Get started with Flux

Flux is a functional data scripting language designed to unify querying, processing, analyzing, and acting on data into a single syntax.

Flux overview

To understand how Flux works conceptually, consider the process of treating water. Water is pulled from a source, limited by demand, piped through a series of stations to modify (remove sediment, purify, and so on), and delivered in a consumable state.

Basic Flux query

Like treating water, a Flux query does the following:

  1. Retrieves a specified amount of data from a source.
  2. Filters data based on time or column values.
  3. Processes and shapes data into expected results.
  4. Returns the result.

To see how to retrieve data from a source, select the data source: InfluxDB, CSV, or PostgreSQL.

from(bucket: "example-bucket")
    |> range(start: -1d)
    |> filter(fn: (r) => r._measurement == "example-measurement")
    |> mean()
    |> yield(name: "_results")
import "csv"

csv.from(file: "path/to/example/data.csv")
    |> range(start: -1d)
    |> filter(fn: (r) => r._measurement == "example-measurement")
    |> mean()
    |> yield(name: "_results")
import "sql"

    driverName: "postgres",
    dataSourceName: "postgresql://user:password@localhost",
    query: "SELECT * FROM TestTable",
    |> filter(fn: (r) => r.UserID == "123ABC456DEF")
    |> mean(column: "purchase_total")
    |> yield(name: "_results")

Each example includes the following functions (in the order listed):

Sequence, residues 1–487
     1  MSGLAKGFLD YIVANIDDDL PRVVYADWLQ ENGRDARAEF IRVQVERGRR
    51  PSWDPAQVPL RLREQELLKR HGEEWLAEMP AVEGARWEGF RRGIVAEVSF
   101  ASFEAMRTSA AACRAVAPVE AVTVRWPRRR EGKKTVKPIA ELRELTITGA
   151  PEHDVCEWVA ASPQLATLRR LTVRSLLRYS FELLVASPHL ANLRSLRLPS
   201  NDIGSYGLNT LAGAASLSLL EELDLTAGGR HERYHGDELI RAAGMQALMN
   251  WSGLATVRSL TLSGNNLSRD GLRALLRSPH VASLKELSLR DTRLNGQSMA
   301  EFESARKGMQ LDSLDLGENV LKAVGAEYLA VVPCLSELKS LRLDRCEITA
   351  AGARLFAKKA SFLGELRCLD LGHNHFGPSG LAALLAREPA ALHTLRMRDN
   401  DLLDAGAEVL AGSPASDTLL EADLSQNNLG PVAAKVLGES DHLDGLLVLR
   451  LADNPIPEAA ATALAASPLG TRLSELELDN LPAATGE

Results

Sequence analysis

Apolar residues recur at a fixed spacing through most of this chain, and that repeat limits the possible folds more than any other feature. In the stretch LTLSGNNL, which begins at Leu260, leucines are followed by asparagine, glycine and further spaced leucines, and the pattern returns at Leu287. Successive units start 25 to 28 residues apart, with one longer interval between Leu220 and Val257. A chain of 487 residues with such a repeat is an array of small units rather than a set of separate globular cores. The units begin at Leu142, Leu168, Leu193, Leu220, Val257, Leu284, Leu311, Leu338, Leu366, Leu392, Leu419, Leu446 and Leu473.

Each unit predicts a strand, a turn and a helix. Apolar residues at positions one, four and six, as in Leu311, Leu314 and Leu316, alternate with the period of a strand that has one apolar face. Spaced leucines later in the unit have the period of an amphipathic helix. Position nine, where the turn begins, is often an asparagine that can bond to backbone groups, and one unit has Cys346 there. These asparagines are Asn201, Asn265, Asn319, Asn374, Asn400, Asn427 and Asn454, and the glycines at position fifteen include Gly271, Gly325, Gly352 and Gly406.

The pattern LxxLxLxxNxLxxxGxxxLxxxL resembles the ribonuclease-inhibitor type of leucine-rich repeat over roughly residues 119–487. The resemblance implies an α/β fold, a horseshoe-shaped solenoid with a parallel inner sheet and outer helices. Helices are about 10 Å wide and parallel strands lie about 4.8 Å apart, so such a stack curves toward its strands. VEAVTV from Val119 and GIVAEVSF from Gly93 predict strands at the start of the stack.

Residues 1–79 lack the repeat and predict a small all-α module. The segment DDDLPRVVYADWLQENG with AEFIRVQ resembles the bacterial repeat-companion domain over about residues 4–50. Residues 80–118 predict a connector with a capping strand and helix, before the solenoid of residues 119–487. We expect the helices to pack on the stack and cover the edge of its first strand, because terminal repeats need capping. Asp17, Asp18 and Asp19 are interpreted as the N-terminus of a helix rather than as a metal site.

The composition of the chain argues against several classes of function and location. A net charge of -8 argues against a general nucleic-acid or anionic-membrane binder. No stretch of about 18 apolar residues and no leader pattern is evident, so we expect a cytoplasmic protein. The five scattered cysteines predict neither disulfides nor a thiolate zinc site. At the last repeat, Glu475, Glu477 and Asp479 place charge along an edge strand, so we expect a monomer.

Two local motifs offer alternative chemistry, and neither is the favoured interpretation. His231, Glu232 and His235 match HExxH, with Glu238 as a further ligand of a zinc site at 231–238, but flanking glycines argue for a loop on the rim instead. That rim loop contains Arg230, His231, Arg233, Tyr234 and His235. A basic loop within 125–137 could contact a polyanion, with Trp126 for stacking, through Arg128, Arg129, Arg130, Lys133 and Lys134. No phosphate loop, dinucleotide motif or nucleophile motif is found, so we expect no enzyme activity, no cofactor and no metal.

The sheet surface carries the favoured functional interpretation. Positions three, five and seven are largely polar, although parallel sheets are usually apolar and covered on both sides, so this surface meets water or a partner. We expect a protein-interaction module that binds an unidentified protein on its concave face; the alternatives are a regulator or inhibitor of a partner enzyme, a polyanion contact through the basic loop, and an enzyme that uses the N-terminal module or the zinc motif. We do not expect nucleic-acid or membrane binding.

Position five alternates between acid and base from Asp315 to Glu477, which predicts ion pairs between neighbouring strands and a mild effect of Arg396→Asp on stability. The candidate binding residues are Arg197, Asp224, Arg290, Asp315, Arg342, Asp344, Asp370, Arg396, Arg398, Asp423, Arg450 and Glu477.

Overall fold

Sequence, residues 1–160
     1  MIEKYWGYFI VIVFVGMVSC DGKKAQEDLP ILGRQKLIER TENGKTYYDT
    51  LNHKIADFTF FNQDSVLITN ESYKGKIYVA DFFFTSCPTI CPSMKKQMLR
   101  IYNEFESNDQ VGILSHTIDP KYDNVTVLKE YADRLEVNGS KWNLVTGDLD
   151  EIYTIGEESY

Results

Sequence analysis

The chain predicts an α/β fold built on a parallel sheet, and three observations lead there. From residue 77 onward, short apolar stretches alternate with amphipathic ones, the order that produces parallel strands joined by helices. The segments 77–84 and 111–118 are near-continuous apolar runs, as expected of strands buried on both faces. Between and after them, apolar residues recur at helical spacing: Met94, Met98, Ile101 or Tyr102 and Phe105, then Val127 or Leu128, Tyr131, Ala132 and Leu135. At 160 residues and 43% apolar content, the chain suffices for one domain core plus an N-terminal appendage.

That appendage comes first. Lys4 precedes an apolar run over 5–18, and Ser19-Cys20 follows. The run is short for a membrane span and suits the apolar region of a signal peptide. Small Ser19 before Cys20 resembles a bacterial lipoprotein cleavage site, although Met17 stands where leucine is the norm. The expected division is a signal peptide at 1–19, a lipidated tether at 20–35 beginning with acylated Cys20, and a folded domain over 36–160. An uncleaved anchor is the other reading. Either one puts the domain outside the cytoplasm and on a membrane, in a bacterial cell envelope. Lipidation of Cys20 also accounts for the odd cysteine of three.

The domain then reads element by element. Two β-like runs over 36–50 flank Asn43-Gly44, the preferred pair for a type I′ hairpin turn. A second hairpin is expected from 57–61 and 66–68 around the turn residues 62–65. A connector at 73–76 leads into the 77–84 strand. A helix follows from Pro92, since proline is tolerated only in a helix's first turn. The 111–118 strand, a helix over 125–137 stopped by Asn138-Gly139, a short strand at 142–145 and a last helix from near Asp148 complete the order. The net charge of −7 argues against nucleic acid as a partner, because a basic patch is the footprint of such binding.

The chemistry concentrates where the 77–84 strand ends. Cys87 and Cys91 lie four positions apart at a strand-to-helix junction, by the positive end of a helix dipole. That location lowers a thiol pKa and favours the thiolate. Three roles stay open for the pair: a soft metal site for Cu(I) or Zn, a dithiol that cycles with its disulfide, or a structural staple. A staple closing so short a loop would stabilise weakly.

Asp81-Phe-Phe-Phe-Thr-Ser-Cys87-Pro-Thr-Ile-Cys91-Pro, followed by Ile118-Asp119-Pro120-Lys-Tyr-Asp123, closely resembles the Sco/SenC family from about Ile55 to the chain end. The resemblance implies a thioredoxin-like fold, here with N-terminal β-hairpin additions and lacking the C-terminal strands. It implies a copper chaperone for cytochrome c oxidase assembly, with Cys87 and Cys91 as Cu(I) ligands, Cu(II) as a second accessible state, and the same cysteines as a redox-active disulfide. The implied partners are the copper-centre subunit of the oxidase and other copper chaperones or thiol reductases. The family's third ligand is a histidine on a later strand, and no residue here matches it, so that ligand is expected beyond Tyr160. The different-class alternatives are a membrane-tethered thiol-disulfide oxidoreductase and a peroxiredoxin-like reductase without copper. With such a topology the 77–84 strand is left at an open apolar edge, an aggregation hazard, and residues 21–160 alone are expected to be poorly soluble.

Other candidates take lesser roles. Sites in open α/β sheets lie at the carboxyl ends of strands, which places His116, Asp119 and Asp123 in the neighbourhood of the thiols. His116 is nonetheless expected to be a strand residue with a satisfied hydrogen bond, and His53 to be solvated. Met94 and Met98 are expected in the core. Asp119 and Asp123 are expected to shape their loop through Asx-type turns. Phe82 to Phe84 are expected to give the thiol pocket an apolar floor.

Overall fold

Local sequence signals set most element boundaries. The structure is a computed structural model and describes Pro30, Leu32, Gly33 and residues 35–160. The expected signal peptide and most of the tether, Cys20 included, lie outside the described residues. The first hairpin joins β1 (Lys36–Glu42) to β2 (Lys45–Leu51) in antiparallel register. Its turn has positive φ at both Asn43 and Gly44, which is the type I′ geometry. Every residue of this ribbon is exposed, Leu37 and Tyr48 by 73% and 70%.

• from() to retrieve data from the data source.
  • Pipe-forward operator (|>) to send the output of each function to the next function as input.
  • range(), filter(), or both to filter data based on column values.
  • mean() to calculate the average of values returned from the data source.
  • yield() to yield results to the user.

For detailed information about basic Flux queries, see Flux query basics.

For an introduction to Flux and how it works with time series data, watch the following video:

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Linux Package Signing Key Rotation

All signed InfluxData Linux packages have been resigned with an updated key. If using Linux, you may need to update your package configuration to continue to download and verify InfluxData software packages.

For more information, see the Linux Package Signing Key Rotation blog post.

State of the InfluxDB Cloud (IOx) documentation

The new documentation for InfluxDB Cloud backed by InfluxDB IOx is a work in progress. We are adding new information and content almost daily. Thank you for your patience!

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